AIMS Geosciences, 2018, 4(3): 166-179. doi: 10.3934/geosci.2018.3.166

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Assessment of irrigation shortfall using WATHNET in the Otago region of New Zealand

National Institute of Water and Atmospheric Research, Christchurch, New Zealand

Knowledge of the likely rainfall and river flow for a coming season can improve management of an overall water resources system without unduly compromising either the environmental or productive behaviour of the system. The objective of this study has been to assess the probability of irrigation demand shortfalls, i.e. soil moisture deficits, for a typical “run of the river” irrigation scheme so as to identify the duration and severity of potential shortfalls. In this study a multi-objective linear programming tool WATHNET has been used to build and run a model of the irrigation scheme. The focus of this study has been on how to use predictions of 3-monthly rainfall and temperature to estimate potential daily water available for irrigation. The method uses Monte-Carlo simulations, to produce multiple replicates of equally likely sequences of river flows, rainfall and potential evaporation values. A sub-set of the equally likely sequences is then selected using prediction information of the likely seasonal climate outlook from NIWA’s Climate Update. The selected sequences, which are biased towards the seasonal climate prediction, are then used as inputs to multiple model runs. By using the output from all the “biased” model runs a probability distribution can be made of water availability for irrigation. The methodology has been demonstrated using the Shag River Irrigation Scheme located in the Otago region of New Zealand. The results compare the predicted soil moisture variation over two three-month periods with retrospective simulations based on the observed rainfalls, river flows and potential evaporation values. Results suggest that WATHNET can simulate 3-month soil moisture dynamics. In order to develop WATHNET as a tool to assess probabilities of irrigation shortfall it needs to be validated using measurements of soil moisture variations over an irrigation season at sites with different soil types.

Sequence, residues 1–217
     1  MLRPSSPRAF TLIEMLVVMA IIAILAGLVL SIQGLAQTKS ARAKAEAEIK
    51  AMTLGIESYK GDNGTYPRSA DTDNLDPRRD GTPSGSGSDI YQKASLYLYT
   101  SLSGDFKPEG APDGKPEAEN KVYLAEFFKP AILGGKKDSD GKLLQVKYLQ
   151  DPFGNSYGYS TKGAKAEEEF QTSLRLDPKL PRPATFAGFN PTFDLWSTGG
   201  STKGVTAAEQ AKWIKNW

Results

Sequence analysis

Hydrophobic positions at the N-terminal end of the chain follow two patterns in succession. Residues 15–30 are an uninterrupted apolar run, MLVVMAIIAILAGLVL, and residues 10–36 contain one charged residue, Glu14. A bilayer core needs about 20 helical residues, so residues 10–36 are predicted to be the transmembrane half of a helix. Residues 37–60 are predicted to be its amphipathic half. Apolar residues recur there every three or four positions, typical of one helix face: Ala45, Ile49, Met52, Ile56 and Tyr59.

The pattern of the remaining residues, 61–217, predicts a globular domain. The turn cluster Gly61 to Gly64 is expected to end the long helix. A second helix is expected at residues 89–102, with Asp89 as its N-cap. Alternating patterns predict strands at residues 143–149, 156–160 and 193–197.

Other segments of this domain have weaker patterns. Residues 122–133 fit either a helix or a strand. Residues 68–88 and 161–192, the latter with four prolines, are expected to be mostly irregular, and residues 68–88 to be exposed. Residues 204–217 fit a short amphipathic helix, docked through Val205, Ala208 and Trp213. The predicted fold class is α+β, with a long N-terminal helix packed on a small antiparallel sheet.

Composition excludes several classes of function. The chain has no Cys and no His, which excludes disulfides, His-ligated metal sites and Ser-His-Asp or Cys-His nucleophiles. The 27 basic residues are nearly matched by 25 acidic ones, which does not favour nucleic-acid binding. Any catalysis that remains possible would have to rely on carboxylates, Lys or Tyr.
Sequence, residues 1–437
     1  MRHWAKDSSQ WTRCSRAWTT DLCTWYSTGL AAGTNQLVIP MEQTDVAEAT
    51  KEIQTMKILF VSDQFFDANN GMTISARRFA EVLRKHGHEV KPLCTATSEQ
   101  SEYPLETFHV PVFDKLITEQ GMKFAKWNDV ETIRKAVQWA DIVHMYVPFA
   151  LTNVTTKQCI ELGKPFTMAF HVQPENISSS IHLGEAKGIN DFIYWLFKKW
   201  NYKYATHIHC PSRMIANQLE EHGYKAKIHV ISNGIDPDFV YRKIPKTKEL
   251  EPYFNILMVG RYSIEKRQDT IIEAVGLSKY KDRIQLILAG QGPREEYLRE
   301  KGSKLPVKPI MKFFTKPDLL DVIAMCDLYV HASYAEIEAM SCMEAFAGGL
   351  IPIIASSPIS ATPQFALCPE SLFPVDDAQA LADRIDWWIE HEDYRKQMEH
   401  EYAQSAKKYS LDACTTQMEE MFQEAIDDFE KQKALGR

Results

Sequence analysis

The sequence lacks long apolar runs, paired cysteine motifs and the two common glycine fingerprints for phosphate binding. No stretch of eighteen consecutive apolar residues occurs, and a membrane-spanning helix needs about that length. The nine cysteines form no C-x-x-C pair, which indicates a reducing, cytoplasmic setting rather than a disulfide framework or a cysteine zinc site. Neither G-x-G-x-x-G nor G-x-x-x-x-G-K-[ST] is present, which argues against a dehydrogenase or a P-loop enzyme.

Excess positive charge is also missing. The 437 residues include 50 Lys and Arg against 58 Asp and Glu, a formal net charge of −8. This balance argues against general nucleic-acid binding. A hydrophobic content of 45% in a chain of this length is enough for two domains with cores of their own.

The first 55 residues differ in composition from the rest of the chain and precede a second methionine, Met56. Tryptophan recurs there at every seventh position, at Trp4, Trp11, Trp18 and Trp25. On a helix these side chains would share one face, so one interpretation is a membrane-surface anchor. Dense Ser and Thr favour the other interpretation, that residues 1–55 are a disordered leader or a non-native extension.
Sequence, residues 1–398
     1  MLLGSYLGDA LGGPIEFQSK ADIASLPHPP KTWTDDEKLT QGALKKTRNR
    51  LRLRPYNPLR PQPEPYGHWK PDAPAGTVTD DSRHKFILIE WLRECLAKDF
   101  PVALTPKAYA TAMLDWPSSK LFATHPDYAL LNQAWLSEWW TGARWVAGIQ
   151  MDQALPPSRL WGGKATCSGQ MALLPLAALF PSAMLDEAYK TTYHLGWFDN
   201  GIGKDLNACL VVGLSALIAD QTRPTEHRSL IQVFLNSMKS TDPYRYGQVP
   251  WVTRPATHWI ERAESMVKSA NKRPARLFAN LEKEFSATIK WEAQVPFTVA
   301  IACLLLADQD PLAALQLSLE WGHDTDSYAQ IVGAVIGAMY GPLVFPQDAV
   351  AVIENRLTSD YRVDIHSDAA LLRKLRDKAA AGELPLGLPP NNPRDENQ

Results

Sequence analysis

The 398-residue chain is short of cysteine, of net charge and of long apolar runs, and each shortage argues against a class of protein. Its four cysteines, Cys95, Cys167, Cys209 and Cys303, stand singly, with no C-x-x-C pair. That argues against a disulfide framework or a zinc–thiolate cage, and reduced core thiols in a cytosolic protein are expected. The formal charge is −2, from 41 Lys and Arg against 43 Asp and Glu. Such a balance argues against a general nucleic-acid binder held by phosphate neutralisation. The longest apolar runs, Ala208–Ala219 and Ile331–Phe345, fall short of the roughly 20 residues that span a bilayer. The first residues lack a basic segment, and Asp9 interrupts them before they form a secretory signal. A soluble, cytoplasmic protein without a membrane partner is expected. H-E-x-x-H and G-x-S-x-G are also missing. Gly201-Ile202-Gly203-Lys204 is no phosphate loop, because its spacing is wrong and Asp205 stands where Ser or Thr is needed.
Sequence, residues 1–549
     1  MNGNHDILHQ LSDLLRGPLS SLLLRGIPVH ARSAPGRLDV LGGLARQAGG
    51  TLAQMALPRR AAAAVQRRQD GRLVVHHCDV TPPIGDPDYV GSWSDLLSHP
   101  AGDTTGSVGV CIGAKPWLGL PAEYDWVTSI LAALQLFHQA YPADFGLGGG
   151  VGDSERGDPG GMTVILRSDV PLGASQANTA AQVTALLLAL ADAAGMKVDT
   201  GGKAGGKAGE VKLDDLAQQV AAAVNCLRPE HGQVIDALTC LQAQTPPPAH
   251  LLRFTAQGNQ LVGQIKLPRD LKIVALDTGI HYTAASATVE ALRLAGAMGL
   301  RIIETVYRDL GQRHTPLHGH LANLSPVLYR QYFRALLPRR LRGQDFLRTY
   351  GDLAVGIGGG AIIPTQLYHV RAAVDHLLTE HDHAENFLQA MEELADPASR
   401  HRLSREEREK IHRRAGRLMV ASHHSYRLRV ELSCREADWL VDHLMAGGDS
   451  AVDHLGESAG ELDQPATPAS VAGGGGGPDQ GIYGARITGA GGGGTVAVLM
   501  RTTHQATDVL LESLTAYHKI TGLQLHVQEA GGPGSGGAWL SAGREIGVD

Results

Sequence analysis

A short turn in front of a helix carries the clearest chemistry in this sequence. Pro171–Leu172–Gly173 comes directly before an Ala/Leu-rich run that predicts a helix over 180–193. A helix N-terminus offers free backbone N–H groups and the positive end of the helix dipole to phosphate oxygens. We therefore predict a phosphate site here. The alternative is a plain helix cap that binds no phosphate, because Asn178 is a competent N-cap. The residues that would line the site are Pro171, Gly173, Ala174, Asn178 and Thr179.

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© 2018 the Author(s), licensee AIMS Press. This is an open access article distributed under the terms of the Creative Commons Attribution Licese (http://creativecommons.org/licenses/by/4.0)

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